Other students who had only taken extension courses had it much more relaxed. Although the content of the courses was easier than my German courses, they were still very time-consuming. The courses on the Main Campus usually consist of a lecture and an exercise. I clearly cannot recommend the Business Law course here. Many essays on American laws and judgments had to be written here. If you are not crazy about the American legal system or about writing essays, you should stay away from this course. The professor was nonetheless very competent and had made the lecture very interesting.

Overall, the Macroeconomics course was very interesting. The lecturer was very committed and conveyed the material well.

The supply chain management course was less exciting. The content was on a rather low level, but you had to invest a lot of time in the homework.

Second quarter courses

  • Statics (Main Campus)
  • Introduction to Money, Banking and Credit (Main Campus)
  • Cost Accounting (Extension)
  • Global Investment Management (Extension)

The Statics course was the most difficult course I took at UCR. However, the material was conveyed fairly well in lectures and exercises. So you could get quite good grades here as well.

In the Introduction to Money… course, it was exactly the opposite. The content was less difficult here, but the lecture was not particularly good. One of the reasons for this was that the lecturer was not a native speaker and it was often difficult to understand him.

As already mentioned, the extension courses were a bit easier. Here, too, exams had to be completed during the semester, such as midterms or group work.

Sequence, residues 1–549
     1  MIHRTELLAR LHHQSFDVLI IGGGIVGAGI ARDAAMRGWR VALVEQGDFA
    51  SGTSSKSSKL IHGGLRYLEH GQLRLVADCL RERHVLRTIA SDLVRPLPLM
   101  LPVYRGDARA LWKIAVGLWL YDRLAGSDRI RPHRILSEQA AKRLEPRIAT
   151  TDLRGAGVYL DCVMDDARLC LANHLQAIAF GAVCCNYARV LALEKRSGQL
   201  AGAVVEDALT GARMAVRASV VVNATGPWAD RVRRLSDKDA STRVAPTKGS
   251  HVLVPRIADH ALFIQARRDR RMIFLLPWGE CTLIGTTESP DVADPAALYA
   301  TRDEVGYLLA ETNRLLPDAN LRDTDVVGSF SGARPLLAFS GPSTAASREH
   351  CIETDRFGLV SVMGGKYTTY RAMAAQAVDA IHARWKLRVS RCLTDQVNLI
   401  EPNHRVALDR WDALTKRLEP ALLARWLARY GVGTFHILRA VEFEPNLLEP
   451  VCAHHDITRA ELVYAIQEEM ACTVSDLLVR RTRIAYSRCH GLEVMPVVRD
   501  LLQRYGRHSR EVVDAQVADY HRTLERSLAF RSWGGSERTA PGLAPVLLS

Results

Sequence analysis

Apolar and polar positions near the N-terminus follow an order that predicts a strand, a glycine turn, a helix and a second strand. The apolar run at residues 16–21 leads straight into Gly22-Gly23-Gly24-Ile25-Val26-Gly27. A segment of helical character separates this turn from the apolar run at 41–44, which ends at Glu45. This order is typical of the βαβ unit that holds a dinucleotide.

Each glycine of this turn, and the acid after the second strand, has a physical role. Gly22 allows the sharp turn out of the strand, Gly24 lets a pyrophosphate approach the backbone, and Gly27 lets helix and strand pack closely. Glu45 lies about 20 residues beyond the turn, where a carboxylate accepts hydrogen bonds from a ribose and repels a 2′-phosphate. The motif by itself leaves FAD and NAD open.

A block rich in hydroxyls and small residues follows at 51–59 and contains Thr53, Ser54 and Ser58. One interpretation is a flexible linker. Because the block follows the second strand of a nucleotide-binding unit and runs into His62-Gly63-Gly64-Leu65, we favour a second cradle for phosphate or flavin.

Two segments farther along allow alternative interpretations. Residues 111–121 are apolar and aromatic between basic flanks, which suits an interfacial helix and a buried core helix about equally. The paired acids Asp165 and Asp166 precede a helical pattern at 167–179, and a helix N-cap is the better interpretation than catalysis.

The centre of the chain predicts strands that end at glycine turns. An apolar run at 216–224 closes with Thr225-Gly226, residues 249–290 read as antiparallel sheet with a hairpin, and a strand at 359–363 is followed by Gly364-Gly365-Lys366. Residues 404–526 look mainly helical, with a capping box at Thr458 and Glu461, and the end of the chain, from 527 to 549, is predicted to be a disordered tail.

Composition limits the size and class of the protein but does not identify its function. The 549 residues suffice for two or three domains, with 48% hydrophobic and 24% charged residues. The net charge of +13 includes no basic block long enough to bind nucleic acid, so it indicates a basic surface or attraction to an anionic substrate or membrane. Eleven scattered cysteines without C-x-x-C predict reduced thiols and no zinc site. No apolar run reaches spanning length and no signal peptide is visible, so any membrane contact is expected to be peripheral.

Leisure and living

The UCR is located in a rather ugly part of Riverside. Downtown, on the other hand, is quite attractive and is also suitable for going out in the evening. If you want to really party, you have to go to Los Angeles or, best of all, Las Vegas.

The location of Riverside in terms of excursions or travel is absolutely great. Destinations like San Francisco, San Diego, Las Vegas, Yosemite, Death Valley, Lake Tahoe and of course Los Angeles with numerous beaches are only a stone’s throw away by American standards and are perfect for weekend trips. The UCR ski club gives you the opportunity to take part in really good ski trips, including the legendary AllCal.

Anyone interested in the landscape should definitely travel to the country before or after the semester. National parks like Zyon, Grand Canyon, Arches or Monument Valley offer really breathtaking impressions.

Getting in touch with American students was not that easy at UCR. I did this best through sport (rugby and skiing). But that makes a lot more sense than just spending time with Germans. After all, you can do that in Germany too.

The apartment I was looking for me in place first because I wanted to see the room first before I book it. Here you can choose between private dormitories and university dormitories. It is also possible to rent a house with other students, for example on The whole time I was in Grand Marc, a private dorm near the university. All sorts of horror stories circulate about the dormitories. It is best to get an idea of ​​the individual systems for yourself. I didn’t have any problems with my apartment.


My English improved significantly during my stay. Of course, the best way to improve your pronunciation is to talk to Americans. In the beginning I had problems with understanding in the lectures. Especially when the lecturers came from abroad and didn’t speak particularly good English. After a short period of familiarization, the language was no longer a problem.


A semester abroad poses certain challenges. Language, organization and choice of subjects are particularly important here. In my case, however, I can say that the effort was more than worth it. The seven months in the USA were, without exaggeration, the best time of my life so far. I can only recommend everyone who has the opportunity to do a semester abroad.

Study Abroad in University of California Riverside